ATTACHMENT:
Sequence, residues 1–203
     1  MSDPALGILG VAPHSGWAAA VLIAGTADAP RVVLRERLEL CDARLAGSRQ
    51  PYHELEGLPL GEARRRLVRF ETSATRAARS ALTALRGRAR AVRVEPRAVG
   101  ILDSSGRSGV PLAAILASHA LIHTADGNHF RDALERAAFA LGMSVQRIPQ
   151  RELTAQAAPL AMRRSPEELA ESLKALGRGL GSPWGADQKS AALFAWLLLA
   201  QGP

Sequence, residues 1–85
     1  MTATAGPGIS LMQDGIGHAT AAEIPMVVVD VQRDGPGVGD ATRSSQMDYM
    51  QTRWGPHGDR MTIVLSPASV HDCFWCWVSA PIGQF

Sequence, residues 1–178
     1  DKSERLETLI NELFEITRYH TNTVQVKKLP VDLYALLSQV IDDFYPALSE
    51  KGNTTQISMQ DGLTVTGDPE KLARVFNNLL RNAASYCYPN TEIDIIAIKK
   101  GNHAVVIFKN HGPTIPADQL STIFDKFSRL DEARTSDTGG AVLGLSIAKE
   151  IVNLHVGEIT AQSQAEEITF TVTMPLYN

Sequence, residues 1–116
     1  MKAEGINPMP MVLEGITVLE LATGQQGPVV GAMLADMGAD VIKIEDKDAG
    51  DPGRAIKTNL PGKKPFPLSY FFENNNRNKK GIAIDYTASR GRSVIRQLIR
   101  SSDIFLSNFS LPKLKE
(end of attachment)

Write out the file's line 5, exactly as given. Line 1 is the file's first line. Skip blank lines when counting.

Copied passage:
   151  RELTAQAAPL AMRRSPEELA ESLKALGRGL GSPWGADQKS AALFAWLLLA